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Autism rate cut in half when multivitamins (including vitamin D) used during pregnancy – Oct 2017

Antenatal nutritional supplementation and autism spectrum disorders in the Stockholm youth cohort: population based cohort study

BMJ 2017; 359 doi: https://doi.org/10.1136/bmj.j4273 (Published 04 October 2017)

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Items in both categories Autism and Pregnancy are listed here:


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Chart from the study, comments in red by VitaminDWiki

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Elizabeth A DeVilbiss, postdoctoral researcher1 ead77 at drexel.edu, Cecilia Magnusson, adjunct professor2, Renee M Gardner, assistant professor2, Dheeraj Rai, consultant senior lecturer3, Craig J Newschaffer, professor1 4, Kristen Lyall, assistant professor4, Christina Dalman, professor2, Brian K Lee, associate professor1

Objective To determine whether nutritional supplementation during pregnancy is associated with a reduced risk of autism spectrum disorder (ASD) with and without intellectual disability in offspring.

Design Observational prospective cohort study using multivariable logistic regression, sibling controls, and propensity score matching.

Setting Stockholm County, Sweden.

Participants 273 107 mother-child pairs identified through population registers. The study sample was restricted to children who were aged 4 to 15 years by the end of follow-up on 31 December 2011 and were born between 1996 and 2007.

Exposures Multivitamin, iron, and folic acid supplement use was reported at the first antenatal visit.

Main outcome measure Diagnosis of ASD with and without intellectual disability in children determined from register data up to 31 December 2011.

Results Prevalence of ASD with intellectual disability was 0.26% (158 cases in 61 934) in the maternal multivitamin use group and 0.48% (430 cases in 90 480) in the no nutritional supplementation use group. Maternal multivitamin use with or without additional iron or folic acid, or both was associated with lower odds of ASD with intellectual disability in the child compared with mothers who did not use multivitamins, iron, and folic acid (odds ratio 0.69, 95% confidence interval 0.57 to 0.84). Similar estimates were found in propensity score matched (0.68, 0.54 to 0.86) and sibling control (0.77, 0.52 to 1.15) matched analyses, though the confidence interval for the latter association included 1.0 and was therefore not statistically significant. There was no consistent evidence that either iron or folic acid use were inversely associated with ASD prevalence.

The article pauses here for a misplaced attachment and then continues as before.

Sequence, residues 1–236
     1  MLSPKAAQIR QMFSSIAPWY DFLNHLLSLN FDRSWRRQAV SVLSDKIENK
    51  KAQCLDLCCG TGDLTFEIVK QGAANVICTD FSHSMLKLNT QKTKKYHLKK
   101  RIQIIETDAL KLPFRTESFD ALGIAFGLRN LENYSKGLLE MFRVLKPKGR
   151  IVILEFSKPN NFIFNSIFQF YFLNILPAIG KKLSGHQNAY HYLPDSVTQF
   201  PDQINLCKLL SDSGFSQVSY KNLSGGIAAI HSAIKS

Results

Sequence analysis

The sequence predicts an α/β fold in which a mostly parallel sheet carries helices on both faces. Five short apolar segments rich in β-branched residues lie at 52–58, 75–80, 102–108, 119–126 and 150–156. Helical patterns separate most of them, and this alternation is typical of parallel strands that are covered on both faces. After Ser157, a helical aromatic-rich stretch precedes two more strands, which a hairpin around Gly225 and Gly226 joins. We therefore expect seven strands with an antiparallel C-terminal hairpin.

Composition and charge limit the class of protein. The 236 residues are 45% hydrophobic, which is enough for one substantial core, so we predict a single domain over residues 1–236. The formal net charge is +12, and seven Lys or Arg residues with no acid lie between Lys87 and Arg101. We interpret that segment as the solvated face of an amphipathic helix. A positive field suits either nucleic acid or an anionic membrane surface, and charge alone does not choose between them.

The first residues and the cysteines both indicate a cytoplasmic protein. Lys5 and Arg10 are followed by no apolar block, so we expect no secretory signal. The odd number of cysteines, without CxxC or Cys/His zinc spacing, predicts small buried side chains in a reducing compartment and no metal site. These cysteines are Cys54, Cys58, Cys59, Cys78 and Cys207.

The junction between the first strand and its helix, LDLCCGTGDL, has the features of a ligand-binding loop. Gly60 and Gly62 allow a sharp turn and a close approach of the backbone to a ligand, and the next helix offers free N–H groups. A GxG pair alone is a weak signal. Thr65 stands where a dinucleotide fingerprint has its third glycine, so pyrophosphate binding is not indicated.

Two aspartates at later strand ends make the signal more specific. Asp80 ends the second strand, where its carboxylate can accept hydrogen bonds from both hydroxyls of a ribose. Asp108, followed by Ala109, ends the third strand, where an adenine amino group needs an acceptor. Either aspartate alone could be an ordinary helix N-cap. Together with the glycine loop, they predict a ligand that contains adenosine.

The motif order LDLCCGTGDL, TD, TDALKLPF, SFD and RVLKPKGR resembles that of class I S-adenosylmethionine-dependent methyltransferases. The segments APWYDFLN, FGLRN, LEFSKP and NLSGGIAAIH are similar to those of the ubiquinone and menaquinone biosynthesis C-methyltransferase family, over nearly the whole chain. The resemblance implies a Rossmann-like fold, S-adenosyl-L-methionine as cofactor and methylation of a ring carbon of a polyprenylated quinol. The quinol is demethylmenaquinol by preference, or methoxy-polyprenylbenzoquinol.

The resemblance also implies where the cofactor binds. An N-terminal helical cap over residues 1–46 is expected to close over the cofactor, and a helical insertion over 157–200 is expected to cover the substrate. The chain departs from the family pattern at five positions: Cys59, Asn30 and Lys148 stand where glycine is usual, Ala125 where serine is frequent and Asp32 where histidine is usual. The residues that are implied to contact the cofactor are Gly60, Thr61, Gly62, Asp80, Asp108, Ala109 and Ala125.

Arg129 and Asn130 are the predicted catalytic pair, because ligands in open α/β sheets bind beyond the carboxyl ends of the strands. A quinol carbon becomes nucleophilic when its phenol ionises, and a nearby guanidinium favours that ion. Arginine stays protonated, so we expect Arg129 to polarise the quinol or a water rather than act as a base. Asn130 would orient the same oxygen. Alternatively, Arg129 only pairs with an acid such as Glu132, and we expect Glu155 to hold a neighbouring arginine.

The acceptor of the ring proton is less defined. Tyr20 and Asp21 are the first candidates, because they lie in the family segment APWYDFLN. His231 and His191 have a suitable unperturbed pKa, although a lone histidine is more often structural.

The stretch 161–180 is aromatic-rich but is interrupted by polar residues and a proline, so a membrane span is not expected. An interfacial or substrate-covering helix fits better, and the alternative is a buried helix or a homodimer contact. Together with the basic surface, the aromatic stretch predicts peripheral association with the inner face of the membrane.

Conclusions Maternal multivitamin supplementation during pregnancy may be inversely associated with ASD with intellectual disability in offspring. Further scrutiny of maternal nutrition and its role in the cause of autism is recommended.

Created by admin. Last Modification: Saturday November 4, 2017 18:02:22 UTC by admin. (Version 6)

Attached files

ID Name Comment Uploaded Size Downloads
8633 multivitamins ASD.jpg admin 04 Nov, 2017 17:54 203.98 Kb 16
8632 710-Autism antenatal supplementation DeVilbiss.pdf admin 04 Nov, 2017 17:27 1.27 Mb 6
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